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Find the smallest normal extension (up to isomorphism) of $\mathbb Q(\sqrt[4]2)$ in $\overline {\mathbb Q}$ (the algebraic closure of $\mathbb Q)$

My atempt:

$\mathbb Q(\sqrt[4]{2},i)$ is a normal extension of $\mathbb Q(\sqrt[4]{2})$, because $\mathbb Q(\sqrt[4]{2},i)$ is a splitting field of $x^4-2\in \mathbb Q(\sqrt[4]{2})$.

Am I right? this is indeed the smallest normal extension of $\mathbb Q(\sqrt[4]{2})$? I found difficult to prove this is the smallest normal extension $\mathbb Q(\sqrt[4]{2})$.

I need a hand here


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up vote 3 down vote accepted

Well, $\,\Bbb Q(\sqrt [4]2\,,\,i)\,$ is algebraic, normal (as the irreducible $\,p(x)=x^4-2\,$ that has root in it in fact splits there) and, of course, separable, and $\,[\Bbb Q(\sqrt[4] 2\,,\,i):\Bbb Q]=4\,$ and, thus, it has the minimal non-trivial degree over the non-normal extension $\,\Bbb Q(\sqrt[4]2)\,$ , so yes: it is the minimal one in this sense.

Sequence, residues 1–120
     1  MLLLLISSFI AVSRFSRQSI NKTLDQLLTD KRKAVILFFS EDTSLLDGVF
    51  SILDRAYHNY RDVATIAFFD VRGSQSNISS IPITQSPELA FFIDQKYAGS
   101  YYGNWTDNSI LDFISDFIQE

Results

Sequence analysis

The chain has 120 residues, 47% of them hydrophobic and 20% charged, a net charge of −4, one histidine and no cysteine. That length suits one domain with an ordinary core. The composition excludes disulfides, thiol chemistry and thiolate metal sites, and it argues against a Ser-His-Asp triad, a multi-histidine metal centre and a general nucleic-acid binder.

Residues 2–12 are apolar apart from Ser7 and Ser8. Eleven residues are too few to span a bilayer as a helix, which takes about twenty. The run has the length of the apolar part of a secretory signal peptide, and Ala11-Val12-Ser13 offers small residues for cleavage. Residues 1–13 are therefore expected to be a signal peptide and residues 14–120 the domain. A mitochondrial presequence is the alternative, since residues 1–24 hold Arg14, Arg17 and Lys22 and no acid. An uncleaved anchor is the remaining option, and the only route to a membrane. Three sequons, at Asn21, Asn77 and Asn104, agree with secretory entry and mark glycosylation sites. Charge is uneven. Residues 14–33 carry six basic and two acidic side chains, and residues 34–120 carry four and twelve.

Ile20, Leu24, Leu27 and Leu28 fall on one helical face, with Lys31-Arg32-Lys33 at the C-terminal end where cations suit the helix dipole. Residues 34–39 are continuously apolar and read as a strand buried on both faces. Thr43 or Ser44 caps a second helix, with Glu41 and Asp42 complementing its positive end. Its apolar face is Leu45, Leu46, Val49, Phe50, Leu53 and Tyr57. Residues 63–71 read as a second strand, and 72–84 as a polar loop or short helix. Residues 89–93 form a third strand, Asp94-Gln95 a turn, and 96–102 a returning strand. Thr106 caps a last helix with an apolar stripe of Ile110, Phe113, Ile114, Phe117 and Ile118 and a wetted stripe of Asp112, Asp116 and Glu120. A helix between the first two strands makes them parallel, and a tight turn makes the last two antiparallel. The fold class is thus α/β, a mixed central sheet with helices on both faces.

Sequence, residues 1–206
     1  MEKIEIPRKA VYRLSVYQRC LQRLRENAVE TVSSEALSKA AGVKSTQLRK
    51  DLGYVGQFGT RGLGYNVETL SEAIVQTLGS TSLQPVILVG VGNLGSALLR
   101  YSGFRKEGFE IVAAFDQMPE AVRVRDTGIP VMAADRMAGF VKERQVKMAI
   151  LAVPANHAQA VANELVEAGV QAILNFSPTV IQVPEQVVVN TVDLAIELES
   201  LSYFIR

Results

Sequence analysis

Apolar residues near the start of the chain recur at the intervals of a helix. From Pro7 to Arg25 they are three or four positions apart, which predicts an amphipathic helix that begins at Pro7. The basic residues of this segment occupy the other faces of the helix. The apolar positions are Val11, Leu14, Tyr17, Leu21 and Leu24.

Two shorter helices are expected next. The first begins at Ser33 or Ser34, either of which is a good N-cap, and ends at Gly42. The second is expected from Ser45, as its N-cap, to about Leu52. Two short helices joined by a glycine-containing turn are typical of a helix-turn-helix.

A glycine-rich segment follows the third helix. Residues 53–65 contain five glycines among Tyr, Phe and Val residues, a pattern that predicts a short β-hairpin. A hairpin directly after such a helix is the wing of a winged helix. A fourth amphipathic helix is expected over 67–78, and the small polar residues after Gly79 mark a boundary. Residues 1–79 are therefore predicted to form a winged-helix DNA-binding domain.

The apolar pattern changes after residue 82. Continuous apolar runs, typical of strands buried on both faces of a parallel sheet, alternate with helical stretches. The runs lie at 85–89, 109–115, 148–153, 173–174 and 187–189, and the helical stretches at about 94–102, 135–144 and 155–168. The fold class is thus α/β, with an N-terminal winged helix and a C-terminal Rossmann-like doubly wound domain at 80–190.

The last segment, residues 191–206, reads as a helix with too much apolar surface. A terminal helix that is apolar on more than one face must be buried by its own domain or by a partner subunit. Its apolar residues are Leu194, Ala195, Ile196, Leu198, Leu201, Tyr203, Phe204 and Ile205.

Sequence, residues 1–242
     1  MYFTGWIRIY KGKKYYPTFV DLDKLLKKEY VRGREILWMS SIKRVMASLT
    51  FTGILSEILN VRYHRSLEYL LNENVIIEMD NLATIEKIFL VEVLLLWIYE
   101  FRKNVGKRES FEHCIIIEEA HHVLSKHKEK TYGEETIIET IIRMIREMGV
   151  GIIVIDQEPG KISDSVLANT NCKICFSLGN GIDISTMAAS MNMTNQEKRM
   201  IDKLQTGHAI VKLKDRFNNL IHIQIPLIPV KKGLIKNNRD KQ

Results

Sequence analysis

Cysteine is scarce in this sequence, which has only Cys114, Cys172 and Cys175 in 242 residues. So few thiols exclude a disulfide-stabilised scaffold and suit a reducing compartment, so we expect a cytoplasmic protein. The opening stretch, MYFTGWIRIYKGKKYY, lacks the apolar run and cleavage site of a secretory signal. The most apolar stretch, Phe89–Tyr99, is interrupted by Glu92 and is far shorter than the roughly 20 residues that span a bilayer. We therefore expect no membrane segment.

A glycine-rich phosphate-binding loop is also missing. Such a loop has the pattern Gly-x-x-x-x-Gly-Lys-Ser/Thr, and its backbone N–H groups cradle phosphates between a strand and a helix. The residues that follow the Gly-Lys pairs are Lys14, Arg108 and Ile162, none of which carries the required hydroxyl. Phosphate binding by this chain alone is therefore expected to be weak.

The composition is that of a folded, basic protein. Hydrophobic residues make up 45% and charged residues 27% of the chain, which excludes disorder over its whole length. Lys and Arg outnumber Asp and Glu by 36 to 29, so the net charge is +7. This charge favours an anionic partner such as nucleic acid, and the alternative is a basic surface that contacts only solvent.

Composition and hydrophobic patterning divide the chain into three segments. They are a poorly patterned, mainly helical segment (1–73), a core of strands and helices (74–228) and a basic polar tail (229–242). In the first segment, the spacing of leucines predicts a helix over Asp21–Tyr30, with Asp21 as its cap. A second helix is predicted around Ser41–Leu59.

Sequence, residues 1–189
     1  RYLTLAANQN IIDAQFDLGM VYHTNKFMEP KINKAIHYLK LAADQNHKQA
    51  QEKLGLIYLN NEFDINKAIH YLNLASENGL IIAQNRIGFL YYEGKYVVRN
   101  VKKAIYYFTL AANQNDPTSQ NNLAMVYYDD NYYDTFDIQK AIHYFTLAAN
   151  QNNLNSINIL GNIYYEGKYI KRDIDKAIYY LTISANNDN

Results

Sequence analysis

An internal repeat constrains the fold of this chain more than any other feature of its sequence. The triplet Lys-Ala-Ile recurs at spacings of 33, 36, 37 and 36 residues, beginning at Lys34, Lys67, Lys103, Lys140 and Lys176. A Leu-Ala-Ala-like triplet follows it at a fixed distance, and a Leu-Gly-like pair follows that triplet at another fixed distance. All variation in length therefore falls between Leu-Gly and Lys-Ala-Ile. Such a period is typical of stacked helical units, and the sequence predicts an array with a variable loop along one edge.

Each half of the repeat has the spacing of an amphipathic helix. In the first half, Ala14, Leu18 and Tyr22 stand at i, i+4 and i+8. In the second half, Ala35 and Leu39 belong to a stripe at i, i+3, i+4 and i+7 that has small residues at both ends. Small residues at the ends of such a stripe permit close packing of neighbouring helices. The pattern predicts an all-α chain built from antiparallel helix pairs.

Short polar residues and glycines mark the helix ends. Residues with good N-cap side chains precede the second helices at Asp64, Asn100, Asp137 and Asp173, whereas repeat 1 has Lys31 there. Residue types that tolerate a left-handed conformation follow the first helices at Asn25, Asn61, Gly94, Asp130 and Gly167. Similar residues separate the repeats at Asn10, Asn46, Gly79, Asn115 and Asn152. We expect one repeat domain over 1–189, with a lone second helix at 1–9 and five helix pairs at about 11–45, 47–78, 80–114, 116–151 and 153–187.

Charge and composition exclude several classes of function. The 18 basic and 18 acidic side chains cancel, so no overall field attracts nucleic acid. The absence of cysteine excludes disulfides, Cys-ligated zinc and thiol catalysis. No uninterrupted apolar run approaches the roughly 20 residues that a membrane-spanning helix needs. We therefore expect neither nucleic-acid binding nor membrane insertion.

Added: Of course, $\,\Bbb Q(\sqrt[4]2\,,\,i)/\Bbb Q(\sqrt[4] 2)\,$ is normal as well as its degree is two.

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I think you mean $[\mathbf Q(\sqrt[4]2, i):\mathbf Q(\sqrt[4]2)]=2$. – jathd Dec 4 '12 at 1:21
Of course, @jathd. Thanks – DonAntonio Dec 4 '12 at 2:50

But any quadratic extension of your field is normal, and the intersection of normal extensions is normal as well. So your given field $\mathbb Q(\sqrt2)$ is already the smallest normal extension of itself.

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I think you missed that little four in the root, @Lubin – DonAntonio Dec 4 '12 at 2:51
Doesn’t matter. The smallest normal extension of any field $k$ is still $k$. OP did not ask for the smallest normal extension of $\mathbb Q$ containing the given field, though it may be that that’s what he intended. – Lubin Dec 4 '12 at 3:31

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